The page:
- Zone 5: Anaerobic – 100%+ (too high, would rather keep breakfast)
Once set, Mio ALPHA doesn’t miss a beat and I found it worked well whether I was running or spinning. A light flashes to let you know if you are working at the right level of exertion, without needing to twist your wrist to see the number display on the watch face. Blue means you need to work harder, green means you are in the zone and red means you are working too hard. The watch beeps whenever you work outside the zone, although there’s no way to hear that if you run listening to music or in a loud spinning class.
The Mio ALPHA has lots going for it if you want to make sure you are getting the most from your workout. The best part for me has been learning the actual connection between perceived exertion and my heart rate so that I stay in a muscular endurance zone during longer runs or in a threshold zone during sprints. Before, I relied on self-monitoring proxies, like how many words I could say or running a quick mental check for rate of perceived exertion on a scale of 1-10. Over time, max heart rate goes down as cardiovascular performance improves, so I plan to retest my max in a few months.
There were a few things I think could be improved with the Mio ALPHA heart rate monitor. First of all, the price is a bit hefty for a fit tracking gizmo at $199 (Canadian).* Second, while it’s great to use for a workout, I’m not inclined to wear it as a regular watch for the time feature, so I could do without that feature altogether. The optical reader leaves an impression in your skin, which is fine for a workout, but I prefer a little more breathability in something worn all day. Finally, while ALPHA can sync to many mobile apps, I would prefer to keep track on a native app and see track my data and progress. I have been tracking daily steps and sleep patterns with my Fitbit Flex since last July and I find the goal setting and daily tracking motivating.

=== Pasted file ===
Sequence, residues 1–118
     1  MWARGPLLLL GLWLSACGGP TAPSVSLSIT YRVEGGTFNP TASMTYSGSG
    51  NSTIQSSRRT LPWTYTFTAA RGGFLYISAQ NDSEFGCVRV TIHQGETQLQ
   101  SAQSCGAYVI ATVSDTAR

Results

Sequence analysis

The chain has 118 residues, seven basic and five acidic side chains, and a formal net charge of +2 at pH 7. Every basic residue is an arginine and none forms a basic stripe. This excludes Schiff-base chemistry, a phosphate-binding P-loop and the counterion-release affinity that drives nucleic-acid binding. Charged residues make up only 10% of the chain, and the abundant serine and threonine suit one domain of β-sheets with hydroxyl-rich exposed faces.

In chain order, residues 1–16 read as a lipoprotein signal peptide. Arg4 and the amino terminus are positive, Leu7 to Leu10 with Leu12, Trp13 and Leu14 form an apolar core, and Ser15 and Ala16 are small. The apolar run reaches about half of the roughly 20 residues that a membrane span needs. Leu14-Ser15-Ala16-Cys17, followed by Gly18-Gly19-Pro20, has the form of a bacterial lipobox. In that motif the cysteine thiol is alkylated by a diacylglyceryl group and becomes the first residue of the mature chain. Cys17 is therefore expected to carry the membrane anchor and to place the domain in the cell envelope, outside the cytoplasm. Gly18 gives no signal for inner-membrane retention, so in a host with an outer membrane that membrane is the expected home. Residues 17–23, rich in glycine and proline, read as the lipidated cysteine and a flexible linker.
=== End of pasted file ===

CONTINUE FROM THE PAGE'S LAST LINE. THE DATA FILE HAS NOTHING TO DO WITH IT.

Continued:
The Mio ALPHA was launched January 2013. A new generation device, the Mio LINK was announced this January at the 2014 International Consumer Electronics Show and is available for pre-order now. It looks like it keeps all of the ALPHA advantages while addressing the drawbacks. For starters, it’s half the price at $99. The unit has been trimmed up too—the band is somewhat slimmer, there is no time display and the flashing light is smaller.
Mio Global just launched a new mobile app, Mio GO, which promises to keep track of heart rate zones, calories burned and pace so you can see progress over time. Even better, the app will have different virtual workout scenes to take the drudgery out of using an indoor treadmill or bike.I’m glad I had the opportunity to review the ALPHA and learn how about heart rate monitoring, but I’m planning to purchase a Mio LINK as I think it will fit my needs better.
Other Mio ALPHA reviews:
- Mio ALPHA Heart Rate Monitor – Runner’s World
- Introducing ALPHA – The Treadmill Factory
Additional information about heart rate monitoring:
* I blog about health topics that I am personally interested in, with the objective of sharing perspectives. I do not accept free products, advertising nor compensation for blog posts on my site. The Mio ALPHA unit tested here was a media sample provided by Mio Global at my request and has been returned to the company.